Big Breaches: Cybersecurity Lessons for Everyone

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Part I: The Biggest Breaches

The goal of this part is to explain, in plain English, the biggest breaches in recent years, focusing on what has resulted in everything from exposure of the majority of American consumers' financial identities to a foreign power more than significantly "influencing" the election of our most recent President. The breaches will be covered in reverse chronological order of the years in which the breaches were made public (even though some of them occurred prior), and in the summary section, I'll also comment on the relevance and implications of the actual years in which the breaches took place.

Chapter 1: The Five Key Root Causes

This chapter reviews the five basic root causes that we'll see in all the mega-breaches that will be reviewed in subsequent chapters.

  1. Phishing
  2. Malware
  3. Third-party compromise (suppliers, customers, and partners, as well as acquisitions)
  4. Software Vulnerabilities (application security as well as third-party vulnerabilities)
  5. Inadvertent employee mistakes

Chapter 2: The Capital One Breach in 2019

On July 29, 2019, court documents were released regarding a security breach at Capital One that exposed data for over 105 million people. A lone hacker gained access to highly sensitive data including names, social security numbers, addresses, and dates of birth. This hack is just one example in which over a hundred million customer records have been exposed to the entire Internet.

  1. The Modern Day Datacenter: The Cloud and Hybrid Clouds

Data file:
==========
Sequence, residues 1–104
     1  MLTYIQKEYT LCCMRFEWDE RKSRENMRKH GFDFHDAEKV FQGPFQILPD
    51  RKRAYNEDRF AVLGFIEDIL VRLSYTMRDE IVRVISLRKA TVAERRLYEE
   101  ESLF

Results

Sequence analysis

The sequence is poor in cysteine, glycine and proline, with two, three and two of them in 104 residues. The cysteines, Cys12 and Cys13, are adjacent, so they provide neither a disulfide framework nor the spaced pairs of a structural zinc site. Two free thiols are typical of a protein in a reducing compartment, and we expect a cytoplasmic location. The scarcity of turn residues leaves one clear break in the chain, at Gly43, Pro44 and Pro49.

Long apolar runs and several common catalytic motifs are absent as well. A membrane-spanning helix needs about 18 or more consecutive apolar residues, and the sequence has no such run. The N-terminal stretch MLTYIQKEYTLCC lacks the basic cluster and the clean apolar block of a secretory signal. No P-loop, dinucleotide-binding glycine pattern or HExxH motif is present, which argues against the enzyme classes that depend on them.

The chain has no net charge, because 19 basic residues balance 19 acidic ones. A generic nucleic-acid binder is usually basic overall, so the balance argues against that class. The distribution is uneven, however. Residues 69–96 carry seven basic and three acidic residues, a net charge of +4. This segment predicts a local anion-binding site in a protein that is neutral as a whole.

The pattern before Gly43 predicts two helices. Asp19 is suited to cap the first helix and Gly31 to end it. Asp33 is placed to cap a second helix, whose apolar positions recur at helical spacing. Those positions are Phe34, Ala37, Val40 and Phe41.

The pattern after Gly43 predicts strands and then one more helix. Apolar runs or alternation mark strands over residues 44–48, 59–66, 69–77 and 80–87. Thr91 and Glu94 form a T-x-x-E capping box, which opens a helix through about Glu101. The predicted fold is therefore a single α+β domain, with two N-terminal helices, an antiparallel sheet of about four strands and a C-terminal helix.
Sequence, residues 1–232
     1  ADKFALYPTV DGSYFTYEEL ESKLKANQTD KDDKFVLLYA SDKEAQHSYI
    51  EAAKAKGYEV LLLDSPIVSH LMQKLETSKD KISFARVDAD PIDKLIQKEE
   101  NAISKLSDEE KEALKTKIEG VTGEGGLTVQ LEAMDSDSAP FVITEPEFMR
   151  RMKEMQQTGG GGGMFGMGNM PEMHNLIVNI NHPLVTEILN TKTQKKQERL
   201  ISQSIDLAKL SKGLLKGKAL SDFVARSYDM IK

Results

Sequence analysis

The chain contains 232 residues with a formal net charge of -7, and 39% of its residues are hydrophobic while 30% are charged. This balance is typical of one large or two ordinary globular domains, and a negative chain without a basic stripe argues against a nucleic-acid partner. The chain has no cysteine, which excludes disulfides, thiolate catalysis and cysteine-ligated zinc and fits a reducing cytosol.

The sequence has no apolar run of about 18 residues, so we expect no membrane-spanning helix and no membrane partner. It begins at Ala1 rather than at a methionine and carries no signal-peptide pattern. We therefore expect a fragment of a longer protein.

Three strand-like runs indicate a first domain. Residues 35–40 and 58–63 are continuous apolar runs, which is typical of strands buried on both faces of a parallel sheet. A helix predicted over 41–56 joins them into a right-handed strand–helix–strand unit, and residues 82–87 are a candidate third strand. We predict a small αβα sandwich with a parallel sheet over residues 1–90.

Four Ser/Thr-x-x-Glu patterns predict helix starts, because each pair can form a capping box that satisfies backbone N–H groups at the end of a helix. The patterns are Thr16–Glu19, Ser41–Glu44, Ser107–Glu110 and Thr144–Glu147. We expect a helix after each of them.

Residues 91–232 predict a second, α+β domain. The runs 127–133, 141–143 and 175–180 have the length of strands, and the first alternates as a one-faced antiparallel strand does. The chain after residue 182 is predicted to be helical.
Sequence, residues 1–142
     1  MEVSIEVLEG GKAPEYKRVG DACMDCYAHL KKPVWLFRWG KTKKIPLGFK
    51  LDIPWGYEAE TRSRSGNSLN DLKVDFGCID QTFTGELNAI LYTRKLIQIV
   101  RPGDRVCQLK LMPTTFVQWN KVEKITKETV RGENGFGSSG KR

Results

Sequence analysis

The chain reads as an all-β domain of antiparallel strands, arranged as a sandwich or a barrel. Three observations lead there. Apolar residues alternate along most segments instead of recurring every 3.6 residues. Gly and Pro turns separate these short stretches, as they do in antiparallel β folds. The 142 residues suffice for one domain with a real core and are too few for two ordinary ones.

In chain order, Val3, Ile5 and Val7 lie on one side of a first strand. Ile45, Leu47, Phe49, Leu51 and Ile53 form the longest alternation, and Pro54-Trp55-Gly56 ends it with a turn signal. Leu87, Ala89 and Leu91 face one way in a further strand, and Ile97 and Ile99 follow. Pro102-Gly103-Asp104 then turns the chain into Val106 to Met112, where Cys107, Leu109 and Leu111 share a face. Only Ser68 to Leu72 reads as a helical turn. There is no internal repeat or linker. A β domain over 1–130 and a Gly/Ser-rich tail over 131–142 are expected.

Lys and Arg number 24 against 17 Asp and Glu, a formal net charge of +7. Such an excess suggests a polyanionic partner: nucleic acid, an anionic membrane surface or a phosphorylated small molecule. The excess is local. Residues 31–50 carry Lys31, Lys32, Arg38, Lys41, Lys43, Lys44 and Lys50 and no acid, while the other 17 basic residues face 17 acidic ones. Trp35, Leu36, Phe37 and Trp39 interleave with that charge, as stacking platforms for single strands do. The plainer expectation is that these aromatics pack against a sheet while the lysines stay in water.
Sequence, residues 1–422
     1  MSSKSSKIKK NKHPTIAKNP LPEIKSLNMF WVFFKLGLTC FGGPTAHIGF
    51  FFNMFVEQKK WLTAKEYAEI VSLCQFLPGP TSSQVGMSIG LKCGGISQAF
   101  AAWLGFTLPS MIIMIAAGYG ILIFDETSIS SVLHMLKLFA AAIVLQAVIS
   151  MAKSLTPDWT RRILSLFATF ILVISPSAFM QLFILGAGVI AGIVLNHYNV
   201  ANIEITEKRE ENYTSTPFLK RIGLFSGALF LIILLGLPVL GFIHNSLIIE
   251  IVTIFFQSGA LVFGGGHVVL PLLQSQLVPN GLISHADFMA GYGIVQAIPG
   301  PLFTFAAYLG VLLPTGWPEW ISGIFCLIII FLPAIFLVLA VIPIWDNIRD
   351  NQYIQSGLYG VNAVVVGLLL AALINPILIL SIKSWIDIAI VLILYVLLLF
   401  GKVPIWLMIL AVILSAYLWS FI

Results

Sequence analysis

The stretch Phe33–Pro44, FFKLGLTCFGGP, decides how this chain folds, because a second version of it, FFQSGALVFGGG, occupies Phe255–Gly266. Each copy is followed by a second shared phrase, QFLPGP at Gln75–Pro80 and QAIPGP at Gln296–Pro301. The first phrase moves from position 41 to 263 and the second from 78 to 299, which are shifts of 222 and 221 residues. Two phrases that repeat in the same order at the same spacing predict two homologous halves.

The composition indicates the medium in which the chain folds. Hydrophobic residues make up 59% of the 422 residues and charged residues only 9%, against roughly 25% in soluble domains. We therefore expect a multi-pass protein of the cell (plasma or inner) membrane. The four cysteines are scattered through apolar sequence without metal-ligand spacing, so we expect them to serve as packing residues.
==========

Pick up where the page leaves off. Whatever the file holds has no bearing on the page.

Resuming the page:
2. Erratic: Former Amazon Web Services employee
  3. The Firewall Hack
  4. The Ex-Filtration
  5. The Simple Mistakes
  6. The Charges & The Fallout

Chapter 3: Cambridge Analytica & Facebook

The goal of this chapter is to cover two issues that both involved Facebook. The first issue is how Cambridge Analytica, a data analytics firm that assisted President Trump's presidential campaign, abused Facebook to harvest data on 70 million U.S. consumers to create psychographic profiles of them and target ads to influence voting. The second issue is how a vulnerability in Facebook's "View As" feature (that allows users to see how their profiles look to the public) was exploited to allow for the take over of approximately 50 million Facebook accounts. The sections in this chapter will also set the groundwork for the Facebook hacking of the 2016 election by the Russians.

  1. How Facebook Works
  2. How Facebook Makes Money Through Ads
  3. Political Ads
  4. Security Challenges with Ads: Abusive Targeting, Bad Ads, Malvertising, and Click Fraud
  5. Facebook's Third-Party Apps and APIs
  6. Cambridge Analytica Harvesting
  7. Bungled Remediation of Harvested Data
  8. The "View As..." Vulnerability
  9. Remediation of the "View As..." Vulnerability

Chapter 4: The Marriott Hack in 2018

The Marriott hack disclosed in 2018 has been the second largest breach of all time as it involved 383 million records, and is only second to Yahoo's hack of 3 billion email accounts which we'll describe in see Chapter 8. Passport numbers, and the location history of hundreds of millions of people was amongst the data stolen in the breach. Combined with stolen data from the US Government's Office of Personnel Management breach (described in Chapter 7), one can even derive the location histories or potentially even impersonate some CIA agents and spies.

  1. Marriott and Starwood
  2. DBA Account Takeover
  3. Malware: Remote Access Trojan and Mimikatz
  4. Starwood Guest Reservation Database Exfiltration

Chapter 5: The Equifax